The Bulgarian foreign ministry on Thursday summoned Russia’s ambassador to explain why Moscow has placed a Bulgarian journalist working for an international investigative website on a list of wanted persons.
Christo Grozev, the leading Bellingcat researcher on Russia, who carried out investigations into the poisonings of opposition politician Alexey Navalny and former Russian spy Sergei Skripal, has focused this year on alleged Russian war crimes in Ukraine.
Bulgarian Prime Minister Galab Donev said Thursday that his country has not been informed through official channels by Russia about any charges brought against Grozev.
“This act is unacceptable … it constitutes an encroachment on the freedom of speech and an attempt to intimidate a Bulgarian citizen,” he said.
Grozev, who doesn’t share his location for security reasons, said in a tweet on Monday that he had no idea on what grounds the Kremlin has put him on its “wanted list” and added: “In a way it doesn’t matter — for years they’ve made it clear they are scared of our work and would stop at nothing to make it go away.”
Speaking to local TV channels by video link from an undisclosed location, Grozev expressed fear for his and his family’s life, and said that he expects support from the Bulgarian state.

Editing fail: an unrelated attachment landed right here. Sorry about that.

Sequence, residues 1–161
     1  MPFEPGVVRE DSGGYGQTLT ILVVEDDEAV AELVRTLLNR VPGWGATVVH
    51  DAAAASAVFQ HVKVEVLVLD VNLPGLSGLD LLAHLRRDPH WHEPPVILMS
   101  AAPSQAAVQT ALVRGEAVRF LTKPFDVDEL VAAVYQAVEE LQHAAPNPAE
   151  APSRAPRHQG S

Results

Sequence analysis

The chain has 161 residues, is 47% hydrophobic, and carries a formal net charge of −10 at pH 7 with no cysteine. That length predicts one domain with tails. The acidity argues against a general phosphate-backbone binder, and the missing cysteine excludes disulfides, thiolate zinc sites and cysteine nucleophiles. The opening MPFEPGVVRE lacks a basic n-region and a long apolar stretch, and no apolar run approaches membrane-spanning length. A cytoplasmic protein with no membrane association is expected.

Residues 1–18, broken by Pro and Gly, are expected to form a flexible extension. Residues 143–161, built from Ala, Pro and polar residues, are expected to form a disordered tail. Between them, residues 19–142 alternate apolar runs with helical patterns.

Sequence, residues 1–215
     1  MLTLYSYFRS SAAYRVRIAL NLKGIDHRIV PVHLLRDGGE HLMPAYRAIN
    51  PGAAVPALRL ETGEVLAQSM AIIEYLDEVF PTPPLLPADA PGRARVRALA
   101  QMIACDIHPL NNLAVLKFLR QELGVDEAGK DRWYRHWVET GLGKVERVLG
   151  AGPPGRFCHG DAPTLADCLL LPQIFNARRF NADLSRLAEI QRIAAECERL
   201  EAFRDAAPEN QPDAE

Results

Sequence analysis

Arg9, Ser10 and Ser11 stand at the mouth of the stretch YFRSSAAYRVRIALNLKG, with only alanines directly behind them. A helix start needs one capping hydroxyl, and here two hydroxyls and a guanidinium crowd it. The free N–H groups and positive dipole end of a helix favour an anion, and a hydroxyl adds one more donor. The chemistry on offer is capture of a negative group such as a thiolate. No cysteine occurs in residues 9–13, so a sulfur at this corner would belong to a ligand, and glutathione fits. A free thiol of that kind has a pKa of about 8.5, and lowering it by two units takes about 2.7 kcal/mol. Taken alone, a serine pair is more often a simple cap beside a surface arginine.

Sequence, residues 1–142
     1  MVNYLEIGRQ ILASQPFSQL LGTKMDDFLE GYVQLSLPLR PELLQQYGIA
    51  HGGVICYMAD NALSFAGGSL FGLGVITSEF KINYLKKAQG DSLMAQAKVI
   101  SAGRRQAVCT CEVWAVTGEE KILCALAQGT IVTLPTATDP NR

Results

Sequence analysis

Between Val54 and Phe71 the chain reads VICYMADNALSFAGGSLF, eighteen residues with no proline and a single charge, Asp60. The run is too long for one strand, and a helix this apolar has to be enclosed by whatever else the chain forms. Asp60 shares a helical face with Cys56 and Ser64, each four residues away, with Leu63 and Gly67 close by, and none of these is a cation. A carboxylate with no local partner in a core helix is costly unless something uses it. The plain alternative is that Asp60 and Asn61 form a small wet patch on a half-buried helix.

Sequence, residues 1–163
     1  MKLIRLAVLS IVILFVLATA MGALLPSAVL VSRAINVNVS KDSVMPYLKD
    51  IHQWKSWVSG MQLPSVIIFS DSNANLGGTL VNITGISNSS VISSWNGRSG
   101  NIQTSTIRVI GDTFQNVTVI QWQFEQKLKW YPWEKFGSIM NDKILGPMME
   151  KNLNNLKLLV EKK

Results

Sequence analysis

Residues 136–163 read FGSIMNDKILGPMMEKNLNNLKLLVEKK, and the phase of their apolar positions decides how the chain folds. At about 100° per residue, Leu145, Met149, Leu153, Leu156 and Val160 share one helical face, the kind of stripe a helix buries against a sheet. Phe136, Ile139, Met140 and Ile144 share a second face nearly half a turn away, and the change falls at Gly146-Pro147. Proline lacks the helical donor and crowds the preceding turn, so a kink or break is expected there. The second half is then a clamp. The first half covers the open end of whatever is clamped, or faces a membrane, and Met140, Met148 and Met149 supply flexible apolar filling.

He said he has already been offered help by several European countries, including Austria, where he has sometimes lived in the last decade.
Grozev said that in the last couple of years he and his colleagues from Bellingcat have travelled “with last-minute ticket purchases so that it is not easy to find out where we are going and what we are investigating.” Now, he added, “we have to avoid getting into the territory of a country that might do the Kremlin a favor.”
Thursday’s move to summon the Russian ambassador came after the main parties in Bulgaria’s parliament called for support for Grozev.
Once the Soviet Union’s closest ally, Bulgaria is now a European Union and NATO member and has strongly backed Western sanctions against Moscow over its war on Ukraine.
In late April, Russia cut off gas supplies to Bulgaria after officials refused a Moscow demand to pay gas bills in rubles, Russia’s currency.
Two months later, Bulgaria expelled 70 Russian diplomatic staff and their families. The mass expulsion, one of the biggest in Europe, sent tensions soaring between the historically close nations.
Bulgaria’s expulsion decision was announced by then-Prime Minister Kiril Petkov, who took a strong stance against Russia after it invaded Ukraine on February 24. Petkov, who eventually lost a no-confidence vote, claimed Moscow had used “hybrid war” tactics to bring down his government.